Geoffrey Hinton, a scientist regarded as the godfather of artificial intelligence (AI), has quit his job at Google over fears of growing dangers from innovations in the field.
Hinton announced his resignation in a statement shared with the New York Times on Monday, saying he now regrets his work.
In 2012, Hinton and two of his graduate students at the University of Toronto created the technology that became the intellectual foundation for AI systems.
Commenting on recent advancements in the field, Hinton said tech companies are racing toward danger with their aggressive campaign to create products based on generative AI, the technology that powers popular chatbots like ChatGPT.
“I console myself with the normal excuse: If I hadn’t done it, somebody else would have. It is hard to see how you can prevent the bad actors from using it for bad things,” the Times quoted the scientist as saying.
In a separate interview with the BBC on Tuesday, Hinton described the situation as a nightmare.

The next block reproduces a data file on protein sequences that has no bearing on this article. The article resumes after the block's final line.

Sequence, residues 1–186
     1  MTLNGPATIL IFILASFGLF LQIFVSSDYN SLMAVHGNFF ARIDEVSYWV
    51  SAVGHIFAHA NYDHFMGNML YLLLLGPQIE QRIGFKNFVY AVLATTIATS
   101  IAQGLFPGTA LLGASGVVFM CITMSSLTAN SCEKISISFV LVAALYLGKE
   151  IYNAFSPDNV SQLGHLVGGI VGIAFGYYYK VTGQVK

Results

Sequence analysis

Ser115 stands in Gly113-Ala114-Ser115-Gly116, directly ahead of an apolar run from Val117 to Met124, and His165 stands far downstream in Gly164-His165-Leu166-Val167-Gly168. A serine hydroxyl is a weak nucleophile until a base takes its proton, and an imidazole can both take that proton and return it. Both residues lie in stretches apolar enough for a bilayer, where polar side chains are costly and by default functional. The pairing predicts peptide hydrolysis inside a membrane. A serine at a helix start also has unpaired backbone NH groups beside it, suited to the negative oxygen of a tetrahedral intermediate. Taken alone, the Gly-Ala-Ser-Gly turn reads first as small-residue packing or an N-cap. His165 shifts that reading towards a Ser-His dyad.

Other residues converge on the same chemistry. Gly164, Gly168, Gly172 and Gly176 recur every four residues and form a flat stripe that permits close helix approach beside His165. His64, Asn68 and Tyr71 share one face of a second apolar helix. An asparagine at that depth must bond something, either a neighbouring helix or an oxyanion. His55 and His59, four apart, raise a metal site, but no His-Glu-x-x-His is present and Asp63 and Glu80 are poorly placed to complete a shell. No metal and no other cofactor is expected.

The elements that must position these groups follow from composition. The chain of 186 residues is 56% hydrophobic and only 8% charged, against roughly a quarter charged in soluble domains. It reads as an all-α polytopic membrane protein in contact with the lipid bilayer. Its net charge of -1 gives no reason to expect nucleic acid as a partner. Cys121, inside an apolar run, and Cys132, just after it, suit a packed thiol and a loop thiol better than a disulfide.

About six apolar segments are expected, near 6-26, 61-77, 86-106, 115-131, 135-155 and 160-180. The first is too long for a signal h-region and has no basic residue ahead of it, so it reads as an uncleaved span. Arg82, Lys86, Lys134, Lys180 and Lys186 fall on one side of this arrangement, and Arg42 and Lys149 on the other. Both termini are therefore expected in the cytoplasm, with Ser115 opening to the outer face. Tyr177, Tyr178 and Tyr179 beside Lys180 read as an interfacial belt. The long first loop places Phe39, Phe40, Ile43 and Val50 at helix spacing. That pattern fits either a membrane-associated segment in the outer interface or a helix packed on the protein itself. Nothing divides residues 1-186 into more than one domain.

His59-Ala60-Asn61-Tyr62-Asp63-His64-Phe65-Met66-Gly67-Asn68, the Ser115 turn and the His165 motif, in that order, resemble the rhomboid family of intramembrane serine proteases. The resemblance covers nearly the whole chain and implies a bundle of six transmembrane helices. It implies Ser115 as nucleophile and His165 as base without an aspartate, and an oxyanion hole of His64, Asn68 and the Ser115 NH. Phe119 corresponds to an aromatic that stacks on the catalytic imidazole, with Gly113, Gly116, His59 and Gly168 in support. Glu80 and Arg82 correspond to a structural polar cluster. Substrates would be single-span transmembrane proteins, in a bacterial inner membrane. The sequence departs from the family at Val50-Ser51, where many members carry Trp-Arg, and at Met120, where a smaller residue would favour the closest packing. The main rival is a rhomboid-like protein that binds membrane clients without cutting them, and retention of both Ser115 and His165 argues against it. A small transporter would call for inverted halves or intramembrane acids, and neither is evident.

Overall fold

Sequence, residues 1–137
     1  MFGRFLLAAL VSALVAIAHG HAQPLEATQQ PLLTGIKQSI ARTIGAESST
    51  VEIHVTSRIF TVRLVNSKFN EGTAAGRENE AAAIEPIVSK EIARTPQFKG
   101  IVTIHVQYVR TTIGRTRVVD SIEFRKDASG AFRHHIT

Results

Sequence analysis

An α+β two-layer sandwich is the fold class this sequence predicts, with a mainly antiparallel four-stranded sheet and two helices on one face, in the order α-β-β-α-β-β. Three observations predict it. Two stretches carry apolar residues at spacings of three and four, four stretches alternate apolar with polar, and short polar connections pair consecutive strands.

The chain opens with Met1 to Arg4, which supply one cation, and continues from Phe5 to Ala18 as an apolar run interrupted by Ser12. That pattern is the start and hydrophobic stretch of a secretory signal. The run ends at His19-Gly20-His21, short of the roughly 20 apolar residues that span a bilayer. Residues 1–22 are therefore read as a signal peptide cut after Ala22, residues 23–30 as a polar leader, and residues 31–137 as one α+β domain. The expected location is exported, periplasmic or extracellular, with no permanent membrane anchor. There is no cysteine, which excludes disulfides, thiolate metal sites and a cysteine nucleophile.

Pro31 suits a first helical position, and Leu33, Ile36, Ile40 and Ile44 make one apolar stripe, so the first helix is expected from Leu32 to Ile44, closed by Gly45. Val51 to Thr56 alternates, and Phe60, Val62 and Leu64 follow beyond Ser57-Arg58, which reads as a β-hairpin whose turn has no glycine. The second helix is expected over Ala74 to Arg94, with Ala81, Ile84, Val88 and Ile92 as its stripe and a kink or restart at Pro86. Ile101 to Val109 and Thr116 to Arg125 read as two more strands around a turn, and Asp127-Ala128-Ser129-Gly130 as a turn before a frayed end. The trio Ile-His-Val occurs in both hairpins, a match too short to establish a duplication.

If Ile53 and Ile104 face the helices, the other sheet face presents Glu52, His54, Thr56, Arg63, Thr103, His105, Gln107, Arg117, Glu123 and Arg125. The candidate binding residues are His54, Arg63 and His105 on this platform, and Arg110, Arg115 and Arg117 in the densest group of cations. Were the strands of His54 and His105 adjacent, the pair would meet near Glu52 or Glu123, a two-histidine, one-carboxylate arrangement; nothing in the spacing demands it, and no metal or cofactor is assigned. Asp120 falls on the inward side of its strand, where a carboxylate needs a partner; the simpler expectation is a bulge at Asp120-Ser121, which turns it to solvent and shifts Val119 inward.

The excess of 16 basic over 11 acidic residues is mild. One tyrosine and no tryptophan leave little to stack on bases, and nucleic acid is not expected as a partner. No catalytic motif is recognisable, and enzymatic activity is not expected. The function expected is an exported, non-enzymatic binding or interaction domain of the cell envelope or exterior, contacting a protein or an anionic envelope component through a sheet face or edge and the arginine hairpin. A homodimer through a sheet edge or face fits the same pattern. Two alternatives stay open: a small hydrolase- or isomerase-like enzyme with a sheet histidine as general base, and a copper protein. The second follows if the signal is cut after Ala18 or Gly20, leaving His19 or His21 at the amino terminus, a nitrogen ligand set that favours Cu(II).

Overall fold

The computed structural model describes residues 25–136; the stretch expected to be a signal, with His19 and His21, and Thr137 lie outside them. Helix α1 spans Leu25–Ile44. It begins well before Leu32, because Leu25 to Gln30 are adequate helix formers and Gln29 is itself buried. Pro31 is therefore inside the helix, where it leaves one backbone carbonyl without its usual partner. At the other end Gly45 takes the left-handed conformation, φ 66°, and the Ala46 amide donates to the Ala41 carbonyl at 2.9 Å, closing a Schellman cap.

“This is just a kind of worst-case scenario, kind of a nightmare scenario. You can imagine, for example, some bad actor like [Russian President Vladimir] Putin decided to give robots the ability to create their own sub-goals,” he said.
‘Godfather Of AI’ Geoffrey Hinton, Quits Google, Warns About Dangers Of Technology He Pioneered
“I’ve come to the conclusion that the kind of intelligence we’re developing is very different from the intelligence we have. We’re biological systems and these are digital systems. And the big difference is that with digital systems, you have many copies of the same set of weights, the same model of the world.
“And all these copies can learn separately but share their knowledge instantly. So it’s as if you had 10,000 people and whenever one person learnt something, everybody automatically knew it. And that’s how these chatbots can know so much more than any one person.”
He expressed fears that AI systems may soon become more intelligent than humans and warned that there was a need to worry
“Right now, they’re not more intelligent than us, as far as I can tell. But I think they soon may be,” he said.
“Right now, what we’re seeing is things like GPT-4 eclipses a person in the amount of general knowledge it has and it eclipses them by a long way. In terms of reasoning, it’s not as good, but it does already do simple reasoning.
“And given the rate of progress, we expect things to get better quite fast. So we need to worry about that.”